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April 28, 2020

Pandemic opens policy opportunities, Spilka says

photo/STATE HOUSE NEWS SERVICE State Senate President Karen Spilka (D-Ashland) and Sen. Jason Lewis (D-Winchester).

Endorsing the idea of a "phased in" reopening of the state's economy, Senate President Karen Spilka told business leaders on Tuesday that the COVID-19 pandemic could present opportunities to begin repairing transportation infrastructure and to elevate as a priority early education and child care.

Spilka, an Ashland Democrat, was the featured speaker in a virtual event hosted by the Greater Boston Chamber of Commerce. Forced to lead during an unprecedented time, Spilka said the Senate was working to be as "nimble" as it could be, but like most other people lacked the ability to see all the challenges that lie ahead.

"We don't have a playbook. We need all of your bright minds to help us plan this going forward," Spilka said.

Before the coronavirus upended daily life around the country, the Legislature was engaged in serious discussions about how to improve the state's transportation system, and the House passed legislation to raise the gas tax and borrow $18 billion to support investments in infrastructure.

Spilka said the Senate still plans to pass the borrowing part of that transportation package, and she has asked Transportation Committee Co-chair Sen. Joseph Boncore to work with House Co-chair Rep. William Straus to host a virtual oversight hearing with experts to explore plans to "open" the state's transportation systems.

"We should use this time, when it is deemed safe to return to work but before we are back to full capacity, to do the much needed repairs to the T, commuter rail and RTAs, so we can get closer to delivering the public transportation experience our residents deserve," Spilka said.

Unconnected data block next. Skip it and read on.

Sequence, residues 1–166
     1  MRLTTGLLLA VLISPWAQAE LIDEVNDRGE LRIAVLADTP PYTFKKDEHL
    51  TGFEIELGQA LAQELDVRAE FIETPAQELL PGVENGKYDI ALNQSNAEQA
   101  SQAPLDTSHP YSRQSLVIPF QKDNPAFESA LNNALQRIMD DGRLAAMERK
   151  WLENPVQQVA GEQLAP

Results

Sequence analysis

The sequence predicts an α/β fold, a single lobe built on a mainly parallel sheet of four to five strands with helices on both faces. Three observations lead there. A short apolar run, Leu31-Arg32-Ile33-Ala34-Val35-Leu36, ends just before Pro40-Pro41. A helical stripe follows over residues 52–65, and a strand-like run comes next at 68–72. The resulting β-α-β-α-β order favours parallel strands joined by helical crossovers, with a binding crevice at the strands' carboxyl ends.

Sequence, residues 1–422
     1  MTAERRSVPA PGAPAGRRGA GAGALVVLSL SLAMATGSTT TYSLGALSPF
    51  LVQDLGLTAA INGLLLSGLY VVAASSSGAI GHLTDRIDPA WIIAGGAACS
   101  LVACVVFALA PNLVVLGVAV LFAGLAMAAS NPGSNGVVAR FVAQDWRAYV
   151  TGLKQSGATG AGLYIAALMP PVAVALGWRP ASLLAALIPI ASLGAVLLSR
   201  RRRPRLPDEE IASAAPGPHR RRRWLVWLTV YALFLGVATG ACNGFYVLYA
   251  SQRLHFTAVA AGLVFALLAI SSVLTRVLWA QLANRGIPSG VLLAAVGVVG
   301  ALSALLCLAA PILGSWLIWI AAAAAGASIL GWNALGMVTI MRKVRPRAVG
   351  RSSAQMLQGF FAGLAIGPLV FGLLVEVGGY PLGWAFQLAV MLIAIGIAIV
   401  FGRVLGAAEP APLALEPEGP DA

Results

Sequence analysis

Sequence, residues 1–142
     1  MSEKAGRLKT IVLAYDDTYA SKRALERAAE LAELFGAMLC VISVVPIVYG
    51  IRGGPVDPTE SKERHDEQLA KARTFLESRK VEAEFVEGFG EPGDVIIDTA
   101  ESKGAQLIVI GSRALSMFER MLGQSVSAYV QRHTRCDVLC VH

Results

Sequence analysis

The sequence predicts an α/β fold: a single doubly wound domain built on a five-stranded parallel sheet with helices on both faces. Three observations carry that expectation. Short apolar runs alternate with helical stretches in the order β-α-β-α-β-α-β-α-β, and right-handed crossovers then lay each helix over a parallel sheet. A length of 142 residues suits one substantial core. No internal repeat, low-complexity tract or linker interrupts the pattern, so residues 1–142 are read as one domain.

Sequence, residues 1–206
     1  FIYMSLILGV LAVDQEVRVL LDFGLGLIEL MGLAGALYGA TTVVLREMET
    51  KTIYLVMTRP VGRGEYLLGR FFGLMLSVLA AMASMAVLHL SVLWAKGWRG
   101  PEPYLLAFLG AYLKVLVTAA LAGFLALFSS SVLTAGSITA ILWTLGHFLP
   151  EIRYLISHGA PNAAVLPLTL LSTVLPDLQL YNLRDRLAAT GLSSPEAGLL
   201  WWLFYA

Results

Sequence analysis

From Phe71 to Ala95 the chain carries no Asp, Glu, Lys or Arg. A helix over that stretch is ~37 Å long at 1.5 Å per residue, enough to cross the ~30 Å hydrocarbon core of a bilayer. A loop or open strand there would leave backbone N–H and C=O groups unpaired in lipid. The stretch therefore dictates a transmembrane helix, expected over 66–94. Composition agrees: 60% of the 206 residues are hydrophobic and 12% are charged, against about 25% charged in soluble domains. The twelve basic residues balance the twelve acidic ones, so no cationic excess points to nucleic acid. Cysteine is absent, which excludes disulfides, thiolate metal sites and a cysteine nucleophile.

Spilka said she assumed that social distancing would be a part of life for "at least the next couple of months," and that working from home should continue to play a big part in how public policy and business leaders think about the future of commuting after the pandemic.

With fewer people driving, Spilka said now is the time for the House to pass the Senate's climate change bill to capitalize on momentum toward achieving the state's emission reduction goals.

"I believe this gives us an unexpected opportunity to lay the groundwork for generation change when it comes to climate change," she said.

With millions of parents working from home during the public health crisis, Spilka said it also has become clear how difficult it can be for a single parent or a household with two working adults to juggle jobs and child care. She said she has spoken with U.S. Sen. Elizabeth Warren about how child care is as important as public transit, roads and bridges in getting people to work.

"And so I'm hoping we can use this moment of increased awareness of the importance of reliable, quality child care to raise it higher on our priority list," Spilka said.

Gov. Charlie Baker on Tuesday extended his order keeping non-essential businesses closed through at least May 18, but a previous order will keep day care and early education centers closed until the end of June.